When it comes to ammunition supply, the 5.56mm/223 Remington is the hands-down winner as far as quantity. There are many choices. At the SportsmansGuide.com, Federal American Eagle 30 Carbine JSP ammunition used in the test was $29.44 for fifty rounds. Hornady’s Critical Defense 30 Carbine FTX is $21.27 from the same source for 25 rounds. When we shot this test, Federal Power-Shok 223 Remington FMJs were $50.39 for 100 rounds, or $25.18 or so for 50. That price has dropped to around $35 for the 100-round quantity for many full-jacket bullets. Hornady Zombie Match was $17.63 for 20 rounds, from the same source. It’s clear that 5.56/223 ammunition is not only less expensive, it is much more widely distributed. Chances are every little shack and large outlet will have the 223, which is not so for 30 Carbine in our canvas of local and some online shops. And those who stock 30 Carbine often have FMJs only and no jacketed soft-point loads. For home defense, the 30 Carbine is more than adequate based on terminal ballistics, but the choices are limited.
Additional kit is another consideration. We found 15-round magazines for the M1 Carbine at Brownells.com for $30 each. The 30-round AR Magpul PMag cost us $17.05 from Brownells.com. A good performer in our previous AR-15 magazine testing, the PMag works well. Magazines are not accessories, and the more the better, so pricing is a consideration there as well. Four is a minimum. So, we paid $120 plus shipping for four 30 Carbine magazines versus $68.20 for four AR-15 magazines. The AR wins again. We tried a half-dozen shops locally, and there were no magazines in stock for the 30 Carbine. When asked for AR-15 magazines, all the shopkeepers said, “Please come in, we have plenty.” And on top, our home-brew AR was optics ready, so mounting a red-dot sight was a matter of turning a couple of screws. On the M1, we would need to buy something like an Ultimak forward-handguard mount for the 30 Carbine, which Brownells.com had for $100. Also, mounting a combat light isn’t practical with the carbine. So, looking at just the set-up ease and costs, the M1 Carbine comes up short before we even begin shooting. We did not figure in the versatility of custom stocks and handguards for the AR-15 because we are on a budget. The rifle was fine as it was.
Israeli Arms International 30 Carbine, $480
GUN TESTS GRADE: A
The M1 Carbine was the original Personal Defense Weapon. Light, reliable, accurate enough for combat use to 200 yards, and hitting harder than a handgun, the 30 Carbine performed beyond expectation. The rifle in this test proved reliable and should give any homeowner real confidence for home defense.
|OVERALL LENGTH||35.75 in.|
|BARREL||18 in. long; Parkerized steel|
|OVERALL HEIGHT||6.9 in.|
|STOCK LENGTH OF PULL||13.2 in.|
|WEIGHT UNLOADED||5.2 lbs.|
|WEIGHT LOADED||5.8 lbs.|
|MAGAZINE CAPACITY||15/30, detachable box|
|TRIGGER PULL WEIGHT||6.5 lbs.|
|REAR SIGHT||Elevation-and-windage-adjustable aperture|
The Israeli Arms carbine is out of production, but there are quite a few available in the used market, like our sample. The price listed is the average of several we found for sale online. In construction, it is similar or identical to modern 30 Carbine M1 replicas and late World War II production. The rifle is well made with good fit. The controls are crisp. The trigger breaks at 6.5 pounds with a sharp reset.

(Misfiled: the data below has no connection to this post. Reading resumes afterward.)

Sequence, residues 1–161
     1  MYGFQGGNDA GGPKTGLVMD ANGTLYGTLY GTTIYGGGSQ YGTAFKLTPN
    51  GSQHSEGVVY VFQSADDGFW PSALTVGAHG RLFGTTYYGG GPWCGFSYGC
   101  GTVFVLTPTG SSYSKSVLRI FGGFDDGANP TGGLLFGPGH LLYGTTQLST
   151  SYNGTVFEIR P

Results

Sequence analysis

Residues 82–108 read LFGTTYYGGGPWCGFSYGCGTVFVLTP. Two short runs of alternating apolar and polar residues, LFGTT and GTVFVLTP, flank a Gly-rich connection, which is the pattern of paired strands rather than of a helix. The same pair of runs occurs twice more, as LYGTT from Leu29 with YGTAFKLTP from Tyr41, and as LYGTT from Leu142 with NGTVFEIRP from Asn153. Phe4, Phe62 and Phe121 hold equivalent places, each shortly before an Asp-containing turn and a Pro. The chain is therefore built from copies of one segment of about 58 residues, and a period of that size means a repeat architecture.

Manipulation is easy. The magazine is angled into the magazine well and locked in place. The bolt is racked to load the chamber. Alternately, there is a plunger on the cocking handle that may be used to lock the bolt to the rear. The bolt may then be released to run forward and load the carbine. The bolt locks open on the last shot. The lever-type safety works well and isn’t difficult to move to Fire. It is considered an improvement over the early push-button AR-15 safety. The military felt that the push-button safety was sometimes confused with the magazine release and made the change.
The rifle has a good natural point, and the balance and handling are good. The semi pistol grip allows good hand fit, and the forward hand position is comfortable on the wood stock. It is quite easy to rack the bolt without changing the firing position. The aperture sight is placed much lower on the bore line of the rifle than the AR-15. The rear aperture is an excellent all-round combat sight. The front post is easy to pick up quickly. This sighting arrangement is one of the advantages of the 30 Carbine over the AR-15. At home-defense ranges, the M1 may be regulated to fire to the point of aim. During close-range firing, the 30 Carbine was dead on the money with sight regulation using a 6 o’clock hold. At longer ranges, a dead-on hold could be used. Firing at 5, 7, and 10 yards, it was possible to quickly double tap or even stitch targets quickly. Fast follow-up shots are easy. An entire magazine could be emptied into the X-ring. Even relatively inexperienced shooters came up to speed quickly on this rifle. Fired offhand standing at 25 yards, the results were not much different than at 15 yards. Predators could be dusted off with this rifle in good order. There were no malfunctions with 50 rounds of American Eagle JSP loads or later with the Hornady Critical Defense loading.
The 30-caliber carbine was fired primarily with the American Eagle 30-caliber load and also the Hornady FTX load for accuracy. At 25 yards, we shot groups of 0.75 to 1.25 inches from a benchrest firing position. At 50 yards, the rifle produced several 2-inch groups.
Our Team Said: This is an accurate and reliable rifle. It would work well for home defense based on its fast handling, light weight, and excellent terminal performance. Energy and terminal ballistics outstrip the 357 Magnum in a handgun, a proven performer, so there are no worries there. In firing more than 100 cartridges, and checking our records about another 200 or more fired in previous ammunition testing with the same rifle, there were no malfunctions of any type with personal-defense loads. We did experience short cycles with one brand of ammunition that was loaded to less than full-power standard during a ballistic evaluation.